Interestingly, the most significant happenings today at the ongoing 7th edition of the Abu Dhabi Film Festival are Irrfan Khan’s Qissa (also screened during the recent Mumbai Film Festival) from India and Pakistan’s Run For Your Life or Zinda Bhaag, helmed by Meenu Gaur and Farjad Nabi that has Naseeruddin Shah playing a key role.
Irrfan only went to Mumbai when filmmaker Govind Nihalani called him to do some plays. (Photo Credit: Natasha Hemrajani)
Qissa or Fable is piece set during India’s traumatic partition, and Khan’s Umber Singh is one among those thousands of people uprooted from either side of the border who loses his very sense of belonging. Forced to flee his village with his young wife and little daughters as well as the others, Singh settles down in India, and is determined not only to better his life than what it was in Pakistan, but also to have a son.
However, when his wife gives birth to a fourth child, also a girl like his earlier three children, Singh slips into a make-believe world. He decides to raise this fourth daughter of his as a son, teaches her to live like a man. But when she has to get married to a gypsy, pushed as she in into a sticky situation, the storm is not far in coming.
While Khan is absolutely superb as Singh, enacting a very difficult part with flawlessly natural ease – with Tisca Chopra as his screen wife and Tillotama Shome (of Monsoon Wedding) as the fourth daughter, Kanwar – Qissa, helmed by Anup Singh gets into a kind of fantasy that is hard to digest. Post the first half of the movie, it takes off into a plot line that is rather convoluted and confusing. Singh, who wrote the script along with Madhuja Mukherjee, cannot, it seems, decide where he would like to take his story to. Is it a ghost story or is it a figment of Kanwar’s imagination which runs riot? Scenes like the completely burnt down house of Umber Singh verge on the point narrative exaggeration.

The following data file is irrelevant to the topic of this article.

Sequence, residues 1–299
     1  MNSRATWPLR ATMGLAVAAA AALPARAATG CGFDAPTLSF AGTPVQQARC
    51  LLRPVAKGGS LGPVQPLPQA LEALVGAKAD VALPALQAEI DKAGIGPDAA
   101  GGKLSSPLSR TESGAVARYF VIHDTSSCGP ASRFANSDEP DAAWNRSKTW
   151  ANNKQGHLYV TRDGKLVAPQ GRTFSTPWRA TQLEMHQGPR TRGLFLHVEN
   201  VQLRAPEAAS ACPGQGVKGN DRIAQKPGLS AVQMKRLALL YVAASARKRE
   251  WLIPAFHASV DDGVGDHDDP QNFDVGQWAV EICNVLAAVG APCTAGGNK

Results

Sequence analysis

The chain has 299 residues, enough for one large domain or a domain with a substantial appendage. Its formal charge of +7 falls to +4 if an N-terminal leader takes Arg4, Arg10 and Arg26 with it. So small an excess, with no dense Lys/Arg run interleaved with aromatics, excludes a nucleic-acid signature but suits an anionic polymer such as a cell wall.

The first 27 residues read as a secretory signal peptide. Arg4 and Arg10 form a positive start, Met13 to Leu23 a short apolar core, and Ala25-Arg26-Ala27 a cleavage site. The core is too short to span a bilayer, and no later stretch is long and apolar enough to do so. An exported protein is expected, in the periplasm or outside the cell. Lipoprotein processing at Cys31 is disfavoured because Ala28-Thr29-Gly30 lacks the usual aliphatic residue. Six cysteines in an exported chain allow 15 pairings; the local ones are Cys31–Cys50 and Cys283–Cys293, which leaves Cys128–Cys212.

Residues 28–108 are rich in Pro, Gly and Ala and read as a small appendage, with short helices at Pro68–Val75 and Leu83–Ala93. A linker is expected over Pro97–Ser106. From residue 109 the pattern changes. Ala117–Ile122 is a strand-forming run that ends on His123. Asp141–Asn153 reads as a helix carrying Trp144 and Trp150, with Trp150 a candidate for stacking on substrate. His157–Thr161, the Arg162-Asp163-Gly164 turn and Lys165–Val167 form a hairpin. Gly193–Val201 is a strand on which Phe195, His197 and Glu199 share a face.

What is of course interesting, about Qissa is that it is one of those rare Punjabi films travelling today outside India. I really wonder whether there has been another at all.
But it sure appears like a Punjabi Autumn in Abu Dhabi. For, Run For Your Life is also in Punjabi, more precisely the language is Lahori, with the dialect’s wit and nuances in place.
One of the very, very few Pakistani movies made today, Run For Your Life is also being celebrated as the first ever work sent up by the country in 50 years for a possible Oscar nomination in the foreign language category. The movie premiers here this evening, and the buzz surrounding it is just big.
Run For Your Life has three young men who laugh at the famous saying that “He who has not seen Lahore, cannot claim to be born”. For them, life lies elsewhere, and the film is a critical look at the extent men and women go to get across a border (we have seen several instances on screen of how people escape into the USA from Mexico and other regions of the world). With Shah enacting a don, mouthing his lines in chase Lahori Punjabi, Run For Your Life seems an exciting bet.
(Gautaman Bhaskaran is covering the Abu Dhabi Film Festival)